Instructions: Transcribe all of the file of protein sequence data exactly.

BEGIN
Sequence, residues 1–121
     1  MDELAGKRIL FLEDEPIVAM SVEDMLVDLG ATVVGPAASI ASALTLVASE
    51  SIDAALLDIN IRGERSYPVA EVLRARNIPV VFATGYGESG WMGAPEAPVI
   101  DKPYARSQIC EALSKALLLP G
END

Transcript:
Sequence, residues 1–121
     1  MDELAGKRIL FLEDEPIVAM SVEDMLVDLG ATVVGPAASI ASALTLVASE
    51  SIDAALLDIN IRGERSYPVA EVLRARNIPV VFATGYGESG WMGAPEAPVI
   101  DKPYARSQIC EALSKALLLP G